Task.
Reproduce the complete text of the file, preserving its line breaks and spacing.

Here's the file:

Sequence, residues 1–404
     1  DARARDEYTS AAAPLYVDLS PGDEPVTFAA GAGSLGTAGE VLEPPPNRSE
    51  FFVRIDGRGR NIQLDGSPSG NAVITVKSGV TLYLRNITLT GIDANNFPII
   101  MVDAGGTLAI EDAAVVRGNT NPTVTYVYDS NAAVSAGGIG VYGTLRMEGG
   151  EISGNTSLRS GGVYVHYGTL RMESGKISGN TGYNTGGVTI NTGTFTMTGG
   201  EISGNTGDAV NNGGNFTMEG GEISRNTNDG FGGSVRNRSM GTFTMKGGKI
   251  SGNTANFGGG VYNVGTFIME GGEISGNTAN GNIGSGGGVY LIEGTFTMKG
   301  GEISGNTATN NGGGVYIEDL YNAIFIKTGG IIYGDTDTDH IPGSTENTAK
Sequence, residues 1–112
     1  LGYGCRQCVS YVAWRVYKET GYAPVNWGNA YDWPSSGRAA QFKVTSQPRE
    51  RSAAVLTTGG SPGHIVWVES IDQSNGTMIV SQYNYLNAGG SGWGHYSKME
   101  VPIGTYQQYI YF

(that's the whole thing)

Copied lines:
Sequence, residues 1–404
     1  DARARDEYTS AAAPLYVDLS PGDEPVTFAA GAGSLGTAGE VLEPPPNRSE
    51  FFVRIDGRGR NIQLDGSPSG NAVITVKSGV TLYLRNITLT GIDANNFPII
   101  MVDAGGTLAI EDAAVVRGNT NPTVTYVYDS NAAVSAGGIG VYGTLRMEGG
   151  EISGNTSLRS GGVYVHYGTL RMESGKISGN TGYNTGGVTI NTGTFTMTGG
   201  EISGNTGDAV NNGGNFTMEG GEISRNTNDG FGGSVRNRSM GTFTMKGGKI
   251  SGNTANFGGG VYNVGTFIME GGEISGNTAN GNIGSGGGVY LIEGTFTMKG
   301  GEISGNTATN NGGGVYIEDL YNAIFIKTGG IIYGDTDTDH IPGSTENTAK
Sequence, residues 1–112
     1  LGYGCRQCVS YVAWRVYKET GYAPVNWGNA YDWPSSGRAA QFKVTSQPRE
    51  RSAAVLTTGG SPGHIVWVES IDQSNGTMIV SQYNYLNAGG SGWGHYSKME
   101  VPIGTYQQYI YF